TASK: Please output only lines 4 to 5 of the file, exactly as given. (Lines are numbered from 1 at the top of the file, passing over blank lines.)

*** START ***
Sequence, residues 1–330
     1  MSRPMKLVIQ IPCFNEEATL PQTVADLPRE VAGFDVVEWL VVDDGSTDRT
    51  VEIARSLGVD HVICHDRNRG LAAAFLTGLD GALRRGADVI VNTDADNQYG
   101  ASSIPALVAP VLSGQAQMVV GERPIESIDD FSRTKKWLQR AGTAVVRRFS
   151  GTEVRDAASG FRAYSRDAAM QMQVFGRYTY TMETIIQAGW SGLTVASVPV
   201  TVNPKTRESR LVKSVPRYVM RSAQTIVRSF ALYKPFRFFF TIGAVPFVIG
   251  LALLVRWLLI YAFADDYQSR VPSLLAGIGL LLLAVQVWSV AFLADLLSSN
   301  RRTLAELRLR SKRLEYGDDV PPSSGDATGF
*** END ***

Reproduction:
   101  ASSIPALVAP VLSGQAQMVV GERPIESIDD FSRTKKWLQR AGTAVVRRFS
   151  GTEVRDAASG FRAYSRDAAM QMQVFGRYTY TMETIIQAGW SGLTVASVPV